Rep. Mike Coffman's intent to repeal the language assistance provisions of the Voting Rights Act is not only ill-conceived but places the rights of millions of U.S. citizens in jeopardy.
In 1975, Congress expanded the Voting Rights Act by adding language assistance amendments. The effort was spearheaded by Sen. Walter Mondale, D-Minn. Congress added Sections 203 and 4(f) to provide targeted oral or written language assistance to American citizens of voting age who were not fluent in English after finding that the denial of the right to vote among limited English-proficient citizens was "directly related to the unequal educational opportunities afforded them, resulting in high illiteracy and low voting participation." According to the 2000 Census, three-quarters of all voters covered by Section 203 were native-born, voting-age citizens.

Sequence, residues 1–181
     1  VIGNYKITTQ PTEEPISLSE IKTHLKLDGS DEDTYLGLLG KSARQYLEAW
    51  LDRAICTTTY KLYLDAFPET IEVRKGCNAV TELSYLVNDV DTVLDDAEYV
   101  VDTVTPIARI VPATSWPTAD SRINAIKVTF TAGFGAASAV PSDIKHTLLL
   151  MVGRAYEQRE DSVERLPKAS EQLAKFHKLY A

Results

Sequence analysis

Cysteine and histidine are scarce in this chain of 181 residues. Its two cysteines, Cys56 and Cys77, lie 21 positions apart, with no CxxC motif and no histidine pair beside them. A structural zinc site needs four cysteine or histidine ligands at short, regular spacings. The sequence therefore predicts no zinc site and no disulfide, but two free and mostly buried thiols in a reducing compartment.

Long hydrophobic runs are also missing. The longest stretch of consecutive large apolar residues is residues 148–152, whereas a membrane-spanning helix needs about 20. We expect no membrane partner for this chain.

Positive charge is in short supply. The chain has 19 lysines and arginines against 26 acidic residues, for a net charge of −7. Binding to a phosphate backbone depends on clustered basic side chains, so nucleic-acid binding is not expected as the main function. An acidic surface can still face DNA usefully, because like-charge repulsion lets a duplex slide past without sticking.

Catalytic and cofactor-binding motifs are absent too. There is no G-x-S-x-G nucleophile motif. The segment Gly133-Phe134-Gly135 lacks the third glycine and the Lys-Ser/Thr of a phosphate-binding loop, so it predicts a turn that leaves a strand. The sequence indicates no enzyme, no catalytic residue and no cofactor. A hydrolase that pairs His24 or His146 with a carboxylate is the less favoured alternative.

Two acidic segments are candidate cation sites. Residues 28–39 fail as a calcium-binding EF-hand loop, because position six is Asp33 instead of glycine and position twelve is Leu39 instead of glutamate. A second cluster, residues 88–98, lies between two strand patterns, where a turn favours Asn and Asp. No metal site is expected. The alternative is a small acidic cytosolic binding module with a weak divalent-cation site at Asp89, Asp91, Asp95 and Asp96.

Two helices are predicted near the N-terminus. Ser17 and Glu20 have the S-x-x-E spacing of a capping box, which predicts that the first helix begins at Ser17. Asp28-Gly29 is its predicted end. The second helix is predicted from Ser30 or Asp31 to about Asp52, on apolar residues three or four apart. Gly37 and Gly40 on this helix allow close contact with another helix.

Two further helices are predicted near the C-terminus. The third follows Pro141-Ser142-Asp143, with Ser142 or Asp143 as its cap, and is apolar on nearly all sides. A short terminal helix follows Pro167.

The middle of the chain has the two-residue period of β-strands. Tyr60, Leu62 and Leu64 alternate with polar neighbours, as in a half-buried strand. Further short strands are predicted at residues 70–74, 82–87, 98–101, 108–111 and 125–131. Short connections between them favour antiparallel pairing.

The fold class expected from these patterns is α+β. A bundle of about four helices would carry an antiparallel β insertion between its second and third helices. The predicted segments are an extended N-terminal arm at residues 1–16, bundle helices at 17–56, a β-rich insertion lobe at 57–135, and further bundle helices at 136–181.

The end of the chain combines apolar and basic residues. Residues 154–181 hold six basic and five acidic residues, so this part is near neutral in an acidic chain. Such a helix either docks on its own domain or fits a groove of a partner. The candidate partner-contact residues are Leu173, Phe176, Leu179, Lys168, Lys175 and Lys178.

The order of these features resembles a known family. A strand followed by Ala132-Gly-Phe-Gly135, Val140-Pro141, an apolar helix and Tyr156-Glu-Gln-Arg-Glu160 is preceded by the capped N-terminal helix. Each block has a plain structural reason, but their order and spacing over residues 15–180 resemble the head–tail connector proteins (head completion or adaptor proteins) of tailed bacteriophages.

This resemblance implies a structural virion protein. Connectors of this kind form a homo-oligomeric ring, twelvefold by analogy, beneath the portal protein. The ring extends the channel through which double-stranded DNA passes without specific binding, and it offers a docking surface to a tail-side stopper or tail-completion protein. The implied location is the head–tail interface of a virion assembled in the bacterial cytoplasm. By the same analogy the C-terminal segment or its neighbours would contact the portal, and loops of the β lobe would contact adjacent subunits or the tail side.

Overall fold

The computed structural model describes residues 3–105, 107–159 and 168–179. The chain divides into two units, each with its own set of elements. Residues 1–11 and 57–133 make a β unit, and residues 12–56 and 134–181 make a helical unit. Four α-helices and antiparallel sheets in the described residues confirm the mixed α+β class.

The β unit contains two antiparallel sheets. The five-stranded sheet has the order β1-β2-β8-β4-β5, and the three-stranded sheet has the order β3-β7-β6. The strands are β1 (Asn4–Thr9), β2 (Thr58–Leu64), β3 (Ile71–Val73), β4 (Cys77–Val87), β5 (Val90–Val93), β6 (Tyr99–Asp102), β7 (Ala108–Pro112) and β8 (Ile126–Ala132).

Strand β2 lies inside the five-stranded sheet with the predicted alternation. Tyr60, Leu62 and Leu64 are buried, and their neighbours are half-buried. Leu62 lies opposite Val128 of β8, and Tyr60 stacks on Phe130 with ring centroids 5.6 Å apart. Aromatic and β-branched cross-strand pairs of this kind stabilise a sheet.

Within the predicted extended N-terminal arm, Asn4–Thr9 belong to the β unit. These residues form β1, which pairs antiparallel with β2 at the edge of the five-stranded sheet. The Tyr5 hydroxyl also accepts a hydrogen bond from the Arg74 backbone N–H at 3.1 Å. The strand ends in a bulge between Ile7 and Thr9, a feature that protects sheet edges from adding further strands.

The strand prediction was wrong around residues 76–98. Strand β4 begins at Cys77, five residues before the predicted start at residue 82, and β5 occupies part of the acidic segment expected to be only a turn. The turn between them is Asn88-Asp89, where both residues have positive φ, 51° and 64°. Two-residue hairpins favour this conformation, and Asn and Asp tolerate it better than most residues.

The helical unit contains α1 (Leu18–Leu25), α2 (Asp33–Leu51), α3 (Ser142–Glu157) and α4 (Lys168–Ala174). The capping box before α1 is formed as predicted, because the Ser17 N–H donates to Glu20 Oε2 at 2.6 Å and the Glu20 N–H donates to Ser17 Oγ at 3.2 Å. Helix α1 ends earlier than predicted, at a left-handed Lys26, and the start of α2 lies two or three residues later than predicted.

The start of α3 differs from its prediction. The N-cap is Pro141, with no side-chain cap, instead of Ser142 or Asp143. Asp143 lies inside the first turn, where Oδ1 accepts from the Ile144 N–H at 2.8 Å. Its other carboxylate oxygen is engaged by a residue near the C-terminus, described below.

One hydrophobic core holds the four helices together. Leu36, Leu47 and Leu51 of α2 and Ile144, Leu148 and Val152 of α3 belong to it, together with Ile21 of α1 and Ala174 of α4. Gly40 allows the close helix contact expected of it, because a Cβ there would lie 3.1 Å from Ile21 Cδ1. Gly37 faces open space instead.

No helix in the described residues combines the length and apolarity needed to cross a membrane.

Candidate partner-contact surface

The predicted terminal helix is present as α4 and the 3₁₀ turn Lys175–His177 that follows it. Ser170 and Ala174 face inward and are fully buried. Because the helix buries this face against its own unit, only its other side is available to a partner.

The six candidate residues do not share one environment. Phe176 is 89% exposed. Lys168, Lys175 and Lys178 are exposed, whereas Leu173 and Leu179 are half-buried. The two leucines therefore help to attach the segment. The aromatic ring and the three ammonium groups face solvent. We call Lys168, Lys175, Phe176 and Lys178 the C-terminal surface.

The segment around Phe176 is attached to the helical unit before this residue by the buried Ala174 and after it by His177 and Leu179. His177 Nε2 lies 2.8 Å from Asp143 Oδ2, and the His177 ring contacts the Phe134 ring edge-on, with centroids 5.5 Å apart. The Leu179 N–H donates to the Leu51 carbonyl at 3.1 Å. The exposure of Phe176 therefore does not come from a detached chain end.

Section 203, the part of the act that Coffman wants to remove, is based on the 14th and 15th Amendments, which guarantee "equal protection and the right to vote without regard to race, color, or previous conditions of servitude." Consistent with our constitution, Section 203 "prohibits discriminatory practices and procedures that effectively exclude language minorities from participating in the electoral process and provides for appropriate remedies."
When Victoria Faz registered to vote, no political party operative ushered her there. No governmental public service announcement prodded her, and neither a candidate nor a campaign signed her up on her 18th birthday.